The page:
Surge History Begins


The Space Coast Surge take the field for the first time, on October 30, 2009.

 

Well, that could have gone better.

I’m not referring to the fan experience during the opening homestand of the Space Coast Surge. Sure, anything can be improved, and we’ll get to that in a moment.

No, I’m referring to the team losing all three games to Lake County — 8-0, 6-4 and 6-0.

The Surge committed ten errors in the series, six of them in Game #1. Five of the 20 runs given up in the series were unearned. Lake County committed five errors.

The team hit .135 for the series, with a .210 on-base percentage and .198 slugging percentage. They scored no runs until the bottom of the 8th in Game #2.

The pitching staff’s ERA is 5.00. If you’re looking for any cheery news, the pitchers have struck out 32 batters in 27 innings, which leads the league, although they’ve walked 14, which also leads the league.

The word you’re searching for is “pathetic.”

Still, it’s only three games into a 60-game season. They can take this embarrassment as motivation to go on a tear.

The level of talent in the league seems to be roughly equivalent in affiliated baseball to Advanced Class-A. (By “affiliated” we mean a minor league team affiliated with a major league organization. “Independent” teams sign and trade their own players.) The Brevard County Manatees are an example of Advanced Class-A.

The main difference, though, is that the teams lack any legit top prospects. Most of the players once worked for a major league organization, were released, and then signed with independent teams. Some of them have only played indy ball. With most Advanced Class-A teams, you’ll usually see at least one or two major league prospects.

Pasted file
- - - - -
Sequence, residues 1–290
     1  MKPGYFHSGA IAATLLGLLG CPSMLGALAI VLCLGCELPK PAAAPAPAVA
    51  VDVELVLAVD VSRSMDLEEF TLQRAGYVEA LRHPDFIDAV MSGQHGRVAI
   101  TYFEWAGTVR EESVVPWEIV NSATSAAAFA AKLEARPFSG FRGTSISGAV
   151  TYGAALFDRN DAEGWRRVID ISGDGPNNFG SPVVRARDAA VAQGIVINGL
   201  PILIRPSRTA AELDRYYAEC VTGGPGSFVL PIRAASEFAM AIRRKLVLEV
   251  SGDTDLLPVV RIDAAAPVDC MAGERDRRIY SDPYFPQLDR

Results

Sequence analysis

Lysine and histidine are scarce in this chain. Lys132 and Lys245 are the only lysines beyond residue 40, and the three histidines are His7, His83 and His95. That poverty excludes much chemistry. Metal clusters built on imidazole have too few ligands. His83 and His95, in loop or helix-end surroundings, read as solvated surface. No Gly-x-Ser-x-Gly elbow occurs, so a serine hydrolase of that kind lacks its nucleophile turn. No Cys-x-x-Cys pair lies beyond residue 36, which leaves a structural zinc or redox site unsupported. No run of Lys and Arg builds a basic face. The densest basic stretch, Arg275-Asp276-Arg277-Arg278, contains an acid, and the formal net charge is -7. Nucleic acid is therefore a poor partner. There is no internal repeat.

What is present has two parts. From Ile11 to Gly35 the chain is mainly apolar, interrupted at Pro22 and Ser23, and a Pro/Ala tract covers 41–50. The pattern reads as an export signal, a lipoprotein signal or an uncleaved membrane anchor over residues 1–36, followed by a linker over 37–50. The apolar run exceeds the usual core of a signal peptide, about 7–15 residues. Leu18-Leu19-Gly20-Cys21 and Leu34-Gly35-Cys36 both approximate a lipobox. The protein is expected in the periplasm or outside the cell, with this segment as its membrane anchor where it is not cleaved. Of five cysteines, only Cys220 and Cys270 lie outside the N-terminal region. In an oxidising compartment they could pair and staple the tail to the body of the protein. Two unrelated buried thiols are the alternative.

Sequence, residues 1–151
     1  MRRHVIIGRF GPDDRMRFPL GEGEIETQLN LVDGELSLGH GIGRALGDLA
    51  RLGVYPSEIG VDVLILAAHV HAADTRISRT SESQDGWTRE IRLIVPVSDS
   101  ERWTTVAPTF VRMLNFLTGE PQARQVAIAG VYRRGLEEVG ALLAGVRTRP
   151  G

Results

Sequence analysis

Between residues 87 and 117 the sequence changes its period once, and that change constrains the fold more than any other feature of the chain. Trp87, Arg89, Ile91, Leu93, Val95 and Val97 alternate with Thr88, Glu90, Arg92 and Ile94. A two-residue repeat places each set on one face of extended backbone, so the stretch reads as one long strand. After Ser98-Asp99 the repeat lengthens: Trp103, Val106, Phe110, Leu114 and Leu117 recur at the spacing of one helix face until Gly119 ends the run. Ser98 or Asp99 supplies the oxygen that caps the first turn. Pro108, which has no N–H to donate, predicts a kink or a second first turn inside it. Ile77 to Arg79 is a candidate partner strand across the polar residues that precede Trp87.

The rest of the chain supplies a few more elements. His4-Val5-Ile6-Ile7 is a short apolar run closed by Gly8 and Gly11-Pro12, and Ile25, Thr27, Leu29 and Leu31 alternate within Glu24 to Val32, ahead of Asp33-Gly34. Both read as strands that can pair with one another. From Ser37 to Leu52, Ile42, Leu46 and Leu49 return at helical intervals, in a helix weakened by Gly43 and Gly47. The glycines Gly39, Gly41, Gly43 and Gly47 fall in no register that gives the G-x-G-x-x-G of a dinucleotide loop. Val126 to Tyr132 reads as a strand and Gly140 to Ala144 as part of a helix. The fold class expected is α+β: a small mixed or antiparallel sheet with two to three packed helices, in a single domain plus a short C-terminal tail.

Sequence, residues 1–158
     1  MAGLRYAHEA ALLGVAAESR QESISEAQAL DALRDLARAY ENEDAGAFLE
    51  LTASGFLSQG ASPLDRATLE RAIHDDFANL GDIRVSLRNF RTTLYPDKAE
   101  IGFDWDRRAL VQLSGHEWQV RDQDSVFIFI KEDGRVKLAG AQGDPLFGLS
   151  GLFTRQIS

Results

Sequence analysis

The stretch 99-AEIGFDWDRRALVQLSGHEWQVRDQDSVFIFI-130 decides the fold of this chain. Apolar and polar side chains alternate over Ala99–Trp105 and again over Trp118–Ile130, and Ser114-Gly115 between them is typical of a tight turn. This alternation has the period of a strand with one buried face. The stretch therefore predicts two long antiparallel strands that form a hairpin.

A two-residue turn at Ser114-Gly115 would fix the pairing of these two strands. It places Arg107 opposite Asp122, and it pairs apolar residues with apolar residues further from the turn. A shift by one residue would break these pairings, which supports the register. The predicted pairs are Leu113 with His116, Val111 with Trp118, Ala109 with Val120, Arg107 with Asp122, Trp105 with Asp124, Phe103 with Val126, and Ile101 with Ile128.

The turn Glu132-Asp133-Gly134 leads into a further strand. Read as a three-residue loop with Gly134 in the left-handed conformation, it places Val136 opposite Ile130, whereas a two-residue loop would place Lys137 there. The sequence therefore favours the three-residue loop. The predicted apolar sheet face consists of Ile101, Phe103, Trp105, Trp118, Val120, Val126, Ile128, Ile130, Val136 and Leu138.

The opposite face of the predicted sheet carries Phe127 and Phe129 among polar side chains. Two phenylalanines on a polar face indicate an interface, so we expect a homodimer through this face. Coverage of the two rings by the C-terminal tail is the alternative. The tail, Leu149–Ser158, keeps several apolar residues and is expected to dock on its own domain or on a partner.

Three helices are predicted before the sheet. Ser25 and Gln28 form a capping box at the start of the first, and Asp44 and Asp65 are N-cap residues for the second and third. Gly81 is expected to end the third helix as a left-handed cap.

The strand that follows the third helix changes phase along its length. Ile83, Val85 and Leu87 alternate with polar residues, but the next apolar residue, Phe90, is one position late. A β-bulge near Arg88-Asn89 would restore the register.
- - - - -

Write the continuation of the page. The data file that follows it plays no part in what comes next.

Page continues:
Baseball America did a study years ago which concluded that only one of ten players in the affiliated minors will make it some day to the big leagues. The other nine fill out a roster so those prospects have someone to play with. You can consider the FWBL as being comprised of those other nine.

That’s not to say that none of these guys will ever play in the big leagues. Some indy players do make it back into affiliated baseball, and once in a while they’ll make it to the majors.

The FWBL’s goal is to prepare these indy players for an opportunity to win a job in affiliated ball, which will put them back on track for a big league career.

Viewed from the cynic’s perspective, it’s also the last chance before returning home to a life outside of baseball.

That’s on the field. The fan experience in the first three games went better than I expected.

Cocoa Expo Stadium, built in 1964, has been generally neglected by its current owners. The Surge lease the facility, so don’t blame them for the dirty bathrooms or folding chairs substituting for box seats. Cocoa Expo also handles the concessions.

Stadium management did put a lot of effort into some basic improvements in the last few days before Opening Night. The grandstands were pressure-washed. The pitcher’s mound was rebuilt and the infield dirt smoothed out.

The Surge provided some clever and innovative entertainment between innings to go beyond the typical minor league staples. The Surge Dancers boost the energy level performing routines from hip-hop to swing. Take Me Out to the Ballgame has been jettisoned during the 7th Inning Stretch in favor of a dance gag featuring fans dressed in straw hula skirts. An impromptu foot race was held Saturday night between two fans. After the game, the players remain on the field for 15 minutes so fans can come down for autographs and mingling.

Attenance was predictably sparse — 385 for Opening Night on Friday, 178 for Halloween Saturday and and 150 for the Sunday late afternoon game. Management didn’t do a Halloween promotion, which was a bit surprising, but for those who wanted to get away from the kiddie chaos it was a welcome respite.

It was also an opportunity for management to test-drive their product and make adjustments before the team returns in late November. The Space Coast State Fair has Cocoa Expo booked for most of the month, so the next Surge home game is Friday November 27. Staff describe that as “our second Opening Night.”